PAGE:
How Would You Describe Your Look Today? Um I wanted something fun, but day-to-nighttime transition. Casual, yeah.
Vibe: Monica paired a sweet, feminine floral dress with the badass black ankle boots and a matching bag. Speaking of matching, her sunny, mango beverage matched her dress. Extra point for that.

Abigaelle Mulligan and Nicole Wedlake. Photo by Ekevara Kitpowsong

Name: Abigaelle Mulligan
Brands? Misguided top, Brandy Melville pants, Forever 21 sunglasses, earrings from Therapy store in North Beach
How Would You Describe Your Look Today? Um, I would like to say very wispy and boho chic maybe?
Vibe: Abigaelle was another of those spotted from across the park style moment. Her look was a mix of relaxed and dramatic, easy and detailed. Her wide leg pants looked comfortable yet had that drama, and the top had an intricate pattern and a deep V that was sexy, yet not over the top. Her yellow (yes!) tassel earrings added just the slightest pop of summer color to the ensemble.  

 Name: Nicole Wedlake
Brands? Free People dress, Ray Ban sunglasses, Dolce Vita sandals
How Would You Describe Your Look Today? “Um, boho and feminine and fun.” (was hard to hear but I’m sure this is what she said)
Vibe: Nicole’s dress was easy, relaxed, but had a color and print that caught my attention. It was effortless and hung beautifully on her slender frame. The sunglasses added the perfect finishing touch to the ‘70s boho look.

Lia Elias and Selene Elias. Photo by Ekevara Kitpowsong

Name: Lia Elias
Brands? Urban Outfitters tank and sweater, J.Crew shorts, Converse sneakers, Fossil bag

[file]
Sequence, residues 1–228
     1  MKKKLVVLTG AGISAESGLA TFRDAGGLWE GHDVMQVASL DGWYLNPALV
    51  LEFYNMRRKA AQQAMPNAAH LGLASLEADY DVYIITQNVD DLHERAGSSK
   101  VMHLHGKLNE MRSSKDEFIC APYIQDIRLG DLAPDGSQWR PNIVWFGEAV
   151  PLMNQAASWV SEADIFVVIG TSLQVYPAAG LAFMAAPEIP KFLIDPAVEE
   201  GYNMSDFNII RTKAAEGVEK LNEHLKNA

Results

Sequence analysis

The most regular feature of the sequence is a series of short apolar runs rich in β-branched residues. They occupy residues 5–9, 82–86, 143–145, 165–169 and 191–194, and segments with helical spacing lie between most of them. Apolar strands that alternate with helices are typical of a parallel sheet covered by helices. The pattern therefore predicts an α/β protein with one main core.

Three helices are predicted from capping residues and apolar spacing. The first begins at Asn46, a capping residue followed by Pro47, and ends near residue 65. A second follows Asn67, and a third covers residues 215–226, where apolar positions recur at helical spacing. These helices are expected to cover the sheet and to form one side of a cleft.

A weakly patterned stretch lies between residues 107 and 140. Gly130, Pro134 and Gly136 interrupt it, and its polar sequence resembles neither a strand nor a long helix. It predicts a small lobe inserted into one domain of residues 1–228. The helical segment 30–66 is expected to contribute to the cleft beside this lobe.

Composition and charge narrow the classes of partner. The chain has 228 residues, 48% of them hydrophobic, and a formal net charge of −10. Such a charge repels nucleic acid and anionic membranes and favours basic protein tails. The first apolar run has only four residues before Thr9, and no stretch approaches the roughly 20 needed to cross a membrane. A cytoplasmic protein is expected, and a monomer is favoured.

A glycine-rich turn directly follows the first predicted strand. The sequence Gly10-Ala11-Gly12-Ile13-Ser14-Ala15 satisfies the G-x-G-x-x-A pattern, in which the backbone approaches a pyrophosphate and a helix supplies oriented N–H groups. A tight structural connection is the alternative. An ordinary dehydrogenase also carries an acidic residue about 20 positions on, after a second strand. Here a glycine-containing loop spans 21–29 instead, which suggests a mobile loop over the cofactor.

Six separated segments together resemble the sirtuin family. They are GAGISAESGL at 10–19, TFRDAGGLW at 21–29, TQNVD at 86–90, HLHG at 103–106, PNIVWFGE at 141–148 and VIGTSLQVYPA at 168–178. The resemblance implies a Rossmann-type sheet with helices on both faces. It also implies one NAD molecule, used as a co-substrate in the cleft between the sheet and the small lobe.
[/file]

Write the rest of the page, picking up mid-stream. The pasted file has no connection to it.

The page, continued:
How Would You Describe Your Look Today? “Um, casual, beachy I guess.”
Vibe: How cute is it that Lia and Selene are sisters?! And that they color coordinated by sheer luck (and what I know to be sister vibes they unknowingly sent each other)?!  It’s black and white done all kinds of right. Clean, crisp, timeless, and stylish.

Name: Selene Elias
Brands? H&M top, Urban Outfitter jeans, Ray Ban sunglasses, Michael Kors watch, Nine West sandals, Kate Spade bag
How Would You Describe Your Look Today? “Um, casual, relaxed, summer style.”

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  1. Hey PAL..EVER Consider people who live in the Mission & over 35 Beautiful too!?!…capture THAT!!!

  2. i’m not against fashion at all or reporting on it, but old SF was awesome because people were wearing regular clothes, thrift clothes, whatever the fuck. It was creative. It was original. It was a big fuck you to NY and L.A. (and I’ll admit that some of it too hippy for my taste). But to just put on a top you bought from Forever 21 and the same damn sunglasses that everyone else is wearing…fuck that. that’s BORING. I’ll bet they all decorate their apartments to look like the pottery barn catalog too! Congratulations! You can shop. BFD.

  3. Grew up next to Dolores Park in the 90s and this thoroughly disgusts me. This is my generation ruining one of the best things about SF. None of them are natives, trash the park while they’re there, and run home to Instagram their gentrification. I’m sorry to the locals and the older generations who have to witness this.

  4. Interesting reaction to our fashion column.

    It’s been up for four weeks or so, but this week’s essay provoked both obsessive clicks and some highly critical readers – “This hurts my eyes, and my brain, and my soul as a Mission resident of almost 15 years,” wrote one reader. Others complained that it was not local news, but “BS.” Others liked the concept but wanted “ something more unique and less predictable.” Ouch.